• In Pterostylis the fungi can be grouped, and where the groups are found is determined by the environment. One fungus, for instance, was found only under Pinus radiata. Geographic distribution (and perhaps some aspects of habitus?) of orchid species may thus be determined by fungal ecology [17].
  • Perkins and co-workers found only two fungi associated with Microtis parviflora in the wild, and the same two in protocorms: they concluded that the adult roots associate with a narrow range of fungi in the field (have a narrow ecological specificity) and these assmiations are established in the protocom. On the other hand, many fungi were able to form associations with M. parviflora in the laboratory, indicating a broad potential specificity [19].
  • It would seem logical that the germination of orchid seed in the wild should depend on the amount of fungus in the soil, but this may not be so. Perkins and co-workers studied Pterostylis acuminata and its fungal associations: this orchid appears to associate with only one specific fungus, a subspecies of Rhizoctonia solani. Furthermore this orchid reproduces asexually (i.e. essentially by cloning). The orchid and the fungus may therefore be co-distributed, and if an orchid is able to establish at a new site, the resultant increase in the associated fungus may favour further spread of the orchid. There are implications here for the resiting of rare orchids – if there is a single fungus associated with the orchid, a new site will need to be apt for the fungus as well as for the orchid: if the fungus does not survive, neither will the orchid [20].

Orchids that form ecologically specific relationships with single pollinating insects can only survive in the presence of that specific insect. We now see that there are orchids which form ecologically specific relationships with single mycorrhizal fungi: they can only survive in the presence of that specific fungus. How these observations apply to the New Zealand species is open to speculation.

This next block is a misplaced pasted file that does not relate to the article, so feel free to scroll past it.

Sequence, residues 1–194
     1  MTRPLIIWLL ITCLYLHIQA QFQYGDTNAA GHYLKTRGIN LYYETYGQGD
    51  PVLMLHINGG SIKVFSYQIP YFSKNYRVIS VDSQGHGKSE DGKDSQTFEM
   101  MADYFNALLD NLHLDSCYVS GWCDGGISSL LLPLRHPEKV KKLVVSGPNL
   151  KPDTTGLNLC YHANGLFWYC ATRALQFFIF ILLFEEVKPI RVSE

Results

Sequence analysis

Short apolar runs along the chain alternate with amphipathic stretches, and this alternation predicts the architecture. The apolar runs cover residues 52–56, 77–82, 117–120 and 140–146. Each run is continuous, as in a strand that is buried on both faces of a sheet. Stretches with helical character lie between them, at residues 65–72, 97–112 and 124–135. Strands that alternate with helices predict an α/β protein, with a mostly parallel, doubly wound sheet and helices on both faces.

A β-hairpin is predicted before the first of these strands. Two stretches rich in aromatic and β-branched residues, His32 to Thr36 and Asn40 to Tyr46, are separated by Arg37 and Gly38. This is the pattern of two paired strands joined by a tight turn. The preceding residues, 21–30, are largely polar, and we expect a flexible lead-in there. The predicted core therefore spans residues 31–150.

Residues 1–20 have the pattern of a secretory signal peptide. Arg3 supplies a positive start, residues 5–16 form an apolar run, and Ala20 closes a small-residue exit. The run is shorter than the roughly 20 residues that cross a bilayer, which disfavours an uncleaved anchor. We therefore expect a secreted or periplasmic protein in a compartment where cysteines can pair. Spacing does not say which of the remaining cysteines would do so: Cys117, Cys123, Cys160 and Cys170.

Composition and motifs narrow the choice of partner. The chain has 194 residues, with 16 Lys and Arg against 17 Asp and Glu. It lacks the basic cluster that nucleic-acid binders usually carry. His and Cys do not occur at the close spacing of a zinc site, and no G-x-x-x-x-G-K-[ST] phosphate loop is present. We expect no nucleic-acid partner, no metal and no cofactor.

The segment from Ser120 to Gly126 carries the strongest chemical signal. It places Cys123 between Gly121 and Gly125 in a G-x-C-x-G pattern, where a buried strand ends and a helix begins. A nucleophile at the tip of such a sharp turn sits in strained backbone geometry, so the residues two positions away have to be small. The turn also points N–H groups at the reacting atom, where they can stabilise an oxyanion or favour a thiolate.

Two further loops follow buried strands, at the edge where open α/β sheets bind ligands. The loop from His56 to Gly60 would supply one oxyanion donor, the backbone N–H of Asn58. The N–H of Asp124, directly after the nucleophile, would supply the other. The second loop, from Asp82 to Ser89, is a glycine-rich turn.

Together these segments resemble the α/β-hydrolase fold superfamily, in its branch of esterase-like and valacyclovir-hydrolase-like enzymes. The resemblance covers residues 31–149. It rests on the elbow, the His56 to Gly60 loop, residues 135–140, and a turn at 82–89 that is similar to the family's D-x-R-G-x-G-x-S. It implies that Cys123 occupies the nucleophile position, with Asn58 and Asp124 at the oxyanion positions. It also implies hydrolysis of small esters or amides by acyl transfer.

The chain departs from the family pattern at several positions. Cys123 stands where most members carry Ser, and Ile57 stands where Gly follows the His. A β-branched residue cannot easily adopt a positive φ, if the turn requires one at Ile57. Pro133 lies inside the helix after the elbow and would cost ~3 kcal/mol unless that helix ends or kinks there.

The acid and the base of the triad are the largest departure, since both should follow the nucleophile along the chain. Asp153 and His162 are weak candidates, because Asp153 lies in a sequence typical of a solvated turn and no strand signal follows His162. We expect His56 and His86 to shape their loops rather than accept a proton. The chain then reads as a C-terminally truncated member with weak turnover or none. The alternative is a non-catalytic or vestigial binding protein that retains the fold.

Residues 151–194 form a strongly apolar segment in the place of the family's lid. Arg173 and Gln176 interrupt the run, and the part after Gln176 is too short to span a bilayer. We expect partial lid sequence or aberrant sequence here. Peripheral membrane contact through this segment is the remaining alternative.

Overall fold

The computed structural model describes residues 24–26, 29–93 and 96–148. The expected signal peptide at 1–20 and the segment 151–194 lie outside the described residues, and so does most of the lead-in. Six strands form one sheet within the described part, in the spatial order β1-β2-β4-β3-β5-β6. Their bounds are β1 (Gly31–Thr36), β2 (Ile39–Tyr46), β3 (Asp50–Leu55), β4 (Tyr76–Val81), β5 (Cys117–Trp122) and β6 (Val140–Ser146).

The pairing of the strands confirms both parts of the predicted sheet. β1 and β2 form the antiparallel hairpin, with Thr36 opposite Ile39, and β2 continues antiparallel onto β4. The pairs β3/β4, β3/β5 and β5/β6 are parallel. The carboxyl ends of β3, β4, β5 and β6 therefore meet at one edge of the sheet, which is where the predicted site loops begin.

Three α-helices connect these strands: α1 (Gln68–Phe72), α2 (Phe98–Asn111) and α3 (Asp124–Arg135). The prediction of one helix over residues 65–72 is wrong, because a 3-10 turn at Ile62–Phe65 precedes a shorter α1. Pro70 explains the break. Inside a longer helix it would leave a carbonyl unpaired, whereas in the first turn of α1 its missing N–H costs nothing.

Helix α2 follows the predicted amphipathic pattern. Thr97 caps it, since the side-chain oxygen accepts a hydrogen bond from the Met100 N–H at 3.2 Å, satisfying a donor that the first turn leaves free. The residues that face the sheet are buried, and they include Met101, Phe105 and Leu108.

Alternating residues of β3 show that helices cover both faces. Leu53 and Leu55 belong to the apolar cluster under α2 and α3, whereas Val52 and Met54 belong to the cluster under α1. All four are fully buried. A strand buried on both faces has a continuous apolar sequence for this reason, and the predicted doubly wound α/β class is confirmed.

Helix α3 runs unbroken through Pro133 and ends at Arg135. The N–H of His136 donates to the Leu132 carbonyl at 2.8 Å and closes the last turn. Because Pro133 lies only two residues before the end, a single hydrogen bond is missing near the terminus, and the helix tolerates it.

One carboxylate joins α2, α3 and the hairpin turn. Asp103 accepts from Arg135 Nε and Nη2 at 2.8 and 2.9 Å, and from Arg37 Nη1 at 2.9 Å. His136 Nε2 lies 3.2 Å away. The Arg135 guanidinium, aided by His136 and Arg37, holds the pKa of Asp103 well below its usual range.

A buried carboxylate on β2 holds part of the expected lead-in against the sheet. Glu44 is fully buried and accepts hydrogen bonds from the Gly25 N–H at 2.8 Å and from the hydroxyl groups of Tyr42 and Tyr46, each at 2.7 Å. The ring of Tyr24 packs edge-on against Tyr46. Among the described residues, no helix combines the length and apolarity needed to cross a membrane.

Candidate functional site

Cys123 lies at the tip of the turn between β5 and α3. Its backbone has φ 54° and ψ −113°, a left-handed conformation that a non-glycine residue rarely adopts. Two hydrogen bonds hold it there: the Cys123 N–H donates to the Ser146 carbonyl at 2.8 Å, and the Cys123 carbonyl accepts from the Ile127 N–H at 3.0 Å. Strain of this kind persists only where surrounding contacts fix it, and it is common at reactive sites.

Acknowledgements

I am grateful to Dr A.J. Perkins for supplying a list of Australasian papers.

References

  1. Peterson RL, Farquhar ML. Mycorrhizas – integrated development between roots and fungi. Mycologia 1994; 86 (3): 311-326.
  2. Ramsay RR, Dixon KW, Sivasithamparam K. Patterns of infection and endophyte associations with Western Australian orchids. Lindleyana 1986; 1: 203-214.
  3. Hijner JA, Arditti J. Orchid mycorrhiza; vitamin requirements and production by the symbionts. Amer.J.Bot. 1973; 60: 829-835.
  4. Arditti J, Fundamentals of orchid biology. Wiley, New York, 1992. p445.
  5. Lancaster T.L. Preliminary note on the fungi of the New Zealand epiphytic orchids. Trans.N.Z.L 1911; 43: 186-191.
  6. Campbell E.O. The mycorrhiza of Gastrodia cunninghamii HookF. Trans.Roy.Soc.N.Z 1962; Bot 1: 289.
  7. Campbell E.O. Gastrodia minor Petrie, an epiparasite of Manuka. Trans.Roy.Soc.N.Z 1963; Bat 2: 73.
  8. Campbell E.O. The fungal association of a colony of Gastrodia sesamoides R.Br. Trans.Roy.Soc.N.Z. 1964; Bot 2: 237.
  9. Campbell E.O. The Fungal Association of Yoania australisTrans.Roy.Soc.N.Z. 1970; Biol.Sci. 12: 5-12.
  10. Campbell E.O. The Morphology of the Fungal Association of Corybas cryptanthusJ.Roy.Soc.N.Z 1972; 2: 43-47.
  11. Dixon K. Seeder/clonal concepts in Western Australian orchids. In Population ecology of terrestrial orchids. Eds T.C.E. Wells and J.H. Willems. J.H. SPB Academic Publishing: The Hague, 1991, ppl11-124.
  12. Warcup J.H. and Talbot P.H.B. Perfect states of Rhizoctonias associated with orchids I-III. New Phytologist 1967; 66: 631-641; 1971; 70: pp35-40; 1980; 86: pp267-272.
  13. Warcup J. H. Specificity of mycorrhiza association in some Australian orchids. New Phytologist 1971; 70: pp41-46.
  14. Warcup J. H. Symbiotic germination of some Australian orchids. New Phytologist 1973; 72: pp387-392.
  15. Warcup J.H. ne mycorrhizal relationship of Australian orchids. New Phytologist 1981; 87: pp371-387.
  16. Warcup J. H. Mycorrhiza. In Orchids of South Australia. Eds R.J. Bates and J.Z. Weber. Flora and Fauna of South Australia Handbook Committee, Adelaide, 1990. pp21-26.
  17. Ramsay R.R. Sivasithamparam K. and Dixon K.W. Anastomosis groups among Rhizoctonia-like endophytic fungi in south western Australian Pterostyis species. Lindleana 1987; 2: pp161-167.
  18. Matsuhara G. and Katsuya K. In situ and in vitro specificity between Rhizoctonia spp. And Spiranthes sinensisNew Phytol. 1994; 127: 711-718.
  19. Perkins A.J. Masuhara G. McGee P.A. Specificity of the associations between Microtis parviflora and its mycorrhizal fungi Australian J. Bot. 1995; 43: pp85-91.
  20. Perkins A.J. and McGee P.A Distribution of the orchid mycorhiza1 fungus, Rhizoctonia solani, in relation to its host Pterostyis acuminata, in the field. Australian Journal of Botany 1995; 3(6): pp565-575.
  21. Clements M. Orchid mycorrhizal associations. Lindleyana 1988; 3: pp73-86.